Work is life’s other great thread—with school, the great inculcator of discipline. It’s also the enabler of family, providing the wherewithal to achieve a measure of independence, to marry, and to support a household. A topic in itself, work deserves mention if only to note the social costs of economic stagnation and exploitation. One achievement of the postwar era was to quell for a time in selected countries the terrors of unemployment and put family life on sounder footing for the working and middle classes. As that achievement has been undermined here and elsewhere, family life has suffered.

The employers of my father’s initial career were altruistic, reflecting the sacrifices the next generation had made on their behalf. The immediate postwar era, 1945 to 1960, was a period of rebuilding that drove economic growth and made work inherently and self-evidently valuable. In the 1960s, this fell apart. At the same time, the shadow side of the postwar era—its apparent emptiness—triggered a reaction in the next generation, which its elders had foolishly committed to pointless “tactical” wars. Unburdened by its elders’ gratefulness for having survived the war and prospered, and taking prosperity for granted, the 1960s generation (and its older camp-followers) turned society inside out. Billed as a revolution, it was more of an interregnum that paralleled the real one—for civil rights—that started earlier and persisted longer. This larger struggle played out across life: love, work, and family.

Work lost its altruism in the 1960s. The social paradise narrowed and was criticized. Friedrich Hayek, who admired tradition, was wrongly paired with Ayn Rand to justify dog eat dog. High finance supplanted manufacturing in developed nations. Western families began their long accommodation. Yet even today, some enterprises are altruistic. Like a family, they understand that altruism is part of a social compact that creates a bond stronger than money alone. These organizations stand out today as the exceptions. Along with the economy, a lot of the would-be prime movers have been broken. Their destruction is attributed to strategic errors, market failures, and bad luck, but more often it looks like the people at the top took leave of their senses, walling off the play of opinion—the intimate tension—that is just as crucial to companies as it is to marriages and families.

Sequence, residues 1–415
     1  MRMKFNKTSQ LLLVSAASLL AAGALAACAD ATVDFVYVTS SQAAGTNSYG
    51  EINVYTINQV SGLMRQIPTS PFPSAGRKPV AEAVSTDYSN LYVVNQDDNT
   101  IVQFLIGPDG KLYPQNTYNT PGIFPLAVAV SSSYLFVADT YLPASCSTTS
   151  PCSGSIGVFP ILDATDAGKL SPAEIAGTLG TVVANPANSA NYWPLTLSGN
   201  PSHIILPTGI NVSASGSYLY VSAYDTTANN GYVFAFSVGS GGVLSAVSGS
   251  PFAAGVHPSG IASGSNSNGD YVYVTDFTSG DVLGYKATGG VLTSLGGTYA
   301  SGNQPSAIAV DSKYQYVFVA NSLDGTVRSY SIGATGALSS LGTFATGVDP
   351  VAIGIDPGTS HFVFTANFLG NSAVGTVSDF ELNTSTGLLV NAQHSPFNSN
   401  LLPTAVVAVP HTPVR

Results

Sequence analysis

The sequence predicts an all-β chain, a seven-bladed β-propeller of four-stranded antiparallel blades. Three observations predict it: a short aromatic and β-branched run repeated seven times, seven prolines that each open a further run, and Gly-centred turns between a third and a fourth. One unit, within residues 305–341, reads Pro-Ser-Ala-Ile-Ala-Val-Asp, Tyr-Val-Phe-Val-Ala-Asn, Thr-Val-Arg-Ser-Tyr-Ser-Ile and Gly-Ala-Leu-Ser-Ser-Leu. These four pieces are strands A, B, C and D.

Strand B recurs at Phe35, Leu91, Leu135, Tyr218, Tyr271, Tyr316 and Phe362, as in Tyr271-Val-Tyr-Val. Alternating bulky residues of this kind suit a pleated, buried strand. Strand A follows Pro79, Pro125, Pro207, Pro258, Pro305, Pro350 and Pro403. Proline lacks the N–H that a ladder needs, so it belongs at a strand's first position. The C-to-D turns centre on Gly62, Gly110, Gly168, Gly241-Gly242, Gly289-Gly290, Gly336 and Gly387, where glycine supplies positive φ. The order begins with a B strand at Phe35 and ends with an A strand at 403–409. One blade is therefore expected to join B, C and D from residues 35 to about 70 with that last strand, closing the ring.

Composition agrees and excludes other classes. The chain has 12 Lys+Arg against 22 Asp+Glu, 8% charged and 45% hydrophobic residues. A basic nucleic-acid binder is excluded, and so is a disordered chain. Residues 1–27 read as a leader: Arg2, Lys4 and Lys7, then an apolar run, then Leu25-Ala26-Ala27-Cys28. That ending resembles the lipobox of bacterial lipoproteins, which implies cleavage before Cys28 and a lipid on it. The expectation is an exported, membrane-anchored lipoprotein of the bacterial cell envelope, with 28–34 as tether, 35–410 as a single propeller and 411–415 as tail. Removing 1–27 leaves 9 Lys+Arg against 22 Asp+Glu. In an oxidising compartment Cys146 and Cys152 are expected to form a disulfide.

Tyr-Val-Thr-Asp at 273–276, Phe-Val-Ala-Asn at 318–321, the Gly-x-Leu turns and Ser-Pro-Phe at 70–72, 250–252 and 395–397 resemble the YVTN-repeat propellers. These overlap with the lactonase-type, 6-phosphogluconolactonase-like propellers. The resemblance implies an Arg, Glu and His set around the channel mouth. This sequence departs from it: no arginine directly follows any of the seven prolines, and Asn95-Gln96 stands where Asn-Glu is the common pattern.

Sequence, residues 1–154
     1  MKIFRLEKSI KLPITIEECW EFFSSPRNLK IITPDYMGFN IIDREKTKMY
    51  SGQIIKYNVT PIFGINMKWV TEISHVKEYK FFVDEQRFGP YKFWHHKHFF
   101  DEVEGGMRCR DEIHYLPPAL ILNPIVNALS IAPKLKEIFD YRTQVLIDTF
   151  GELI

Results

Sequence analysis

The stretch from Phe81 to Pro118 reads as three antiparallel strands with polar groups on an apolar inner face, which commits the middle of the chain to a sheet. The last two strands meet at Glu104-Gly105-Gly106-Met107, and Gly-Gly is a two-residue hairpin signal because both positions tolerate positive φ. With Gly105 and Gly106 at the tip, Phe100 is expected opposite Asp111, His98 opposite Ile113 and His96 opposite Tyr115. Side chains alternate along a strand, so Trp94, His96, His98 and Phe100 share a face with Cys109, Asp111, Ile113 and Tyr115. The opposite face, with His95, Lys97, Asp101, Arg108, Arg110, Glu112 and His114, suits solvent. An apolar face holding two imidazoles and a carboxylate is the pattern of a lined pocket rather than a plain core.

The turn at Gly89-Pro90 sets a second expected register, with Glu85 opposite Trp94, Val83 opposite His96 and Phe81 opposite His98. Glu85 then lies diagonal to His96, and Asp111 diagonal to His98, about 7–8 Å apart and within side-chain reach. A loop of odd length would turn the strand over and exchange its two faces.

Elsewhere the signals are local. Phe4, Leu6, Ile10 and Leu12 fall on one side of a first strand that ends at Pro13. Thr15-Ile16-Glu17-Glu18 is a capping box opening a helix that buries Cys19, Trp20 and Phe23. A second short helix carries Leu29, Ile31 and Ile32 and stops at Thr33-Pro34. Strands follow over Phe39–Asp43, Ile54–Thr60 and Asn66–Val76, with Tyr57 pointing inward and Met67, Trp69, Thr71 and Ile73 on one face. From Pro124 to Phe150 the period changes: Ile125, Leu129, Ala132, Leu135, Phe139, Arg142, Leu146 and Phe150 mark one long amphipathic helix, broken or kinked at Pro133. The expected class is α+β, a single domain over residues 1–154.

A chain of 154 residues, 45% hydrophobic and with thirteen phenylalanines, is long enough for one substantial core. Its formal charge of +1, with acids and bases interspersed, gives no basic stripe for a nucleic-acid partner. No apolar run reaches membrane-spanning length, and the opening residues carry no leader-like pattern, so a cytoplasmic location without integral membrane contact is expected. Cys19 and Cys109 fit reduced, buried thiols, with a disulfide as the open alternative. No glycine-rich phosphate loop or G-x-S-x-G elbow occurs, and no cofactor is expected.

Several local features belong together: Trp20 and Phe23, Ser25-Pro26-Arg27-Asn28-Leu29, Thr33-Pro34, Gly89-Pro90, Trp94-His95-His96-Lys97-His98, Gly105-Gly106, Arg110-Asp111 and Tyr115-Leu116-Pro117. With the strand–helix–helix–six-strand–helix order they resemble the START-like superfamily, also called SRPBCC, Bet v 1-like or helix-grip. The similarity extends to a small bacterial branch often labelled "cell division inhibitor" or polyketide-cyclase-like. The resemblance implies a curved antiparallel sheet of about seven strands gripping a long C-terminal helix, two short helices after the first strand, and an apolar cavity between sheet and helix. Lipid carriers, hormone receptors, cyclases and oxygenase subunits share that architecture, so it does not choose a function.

Everyday time is ordinary time. It has dimension, but its boundaries are both contained and amorphous. It has its plans and deadlines. It’s also where work happens, where we practice. We don’t always or often practice with any larger sense of time in mind. When we’re young, others do this for us, urging us forward in the name of where we might end up. This is closer to evolutionary time, which plays out in cycles. Hence being’s chain, a linked series of events that repeat a sequence in roughly the same way. We’re born into both types of time. The everyday gives us glimpses of evolution’s cycle.

“Just sit” is Dogen’s famous summary of Zen. You place yourself within all of time’s dimensions: ordinary time that you can measure and count; and evolutionary, geological, and cosmological time, which move steadily beyond our lived experience. We see and slowly grasp these latter dimensions of time by their traces and artifacts, but intuitively we experience them as a cycle or chain, a learned sequence, a set of theories, a mystery. Our persistent belief in a parallel world of spirits, of reincarnation or the hereafter, reflects the oddity of being set adrift in a world in which time works deceptively and relentlessly. “Just sit” acknowledges that as life unfolds, we unfold with it. We’re part of life, not separate from it. Marriage, family, and friendship alike are part of life, too, unfolding with it.

Living in time as we do, we are haunted by our ephemeral nature. “Work as if immortal” was a maxim of E.M. Forster that Christopher Isherwood embraced. I interpret it to mean, “Suspend time as a factor in order to taste something of its expansiveness and let it fill your sails.” The immediacy of ordinary time can leave us blinkered if we’re not careful. This is as applicable to the way we live as to the way we work. Forster and Isherwood could equally have said, “Live as if immortal,” although this flies in the face of what George Gurdjieff called “the terror of existence,” the inevitability of death, which he, the Stoics, and Steve Jobs, among others, pointed to as the ultimate prod of our taking charge of our lives. Isherwood’s maxim is not a call to squander life, but rather to look beyond everyday constraints in contemplating everything that engages us. That includes marriage, family, and friendships.

Without a proper sense of time, we can get on life’s treadmill and lose ourselves entirely in the everyday. The way men with consuming careers act in retirement, racing to pick up lost threads, attempting to continue as they were, or simply falling apart as they finally realize their predicament, points to the dangers. We don’t teach people how to live with time or how to live with death.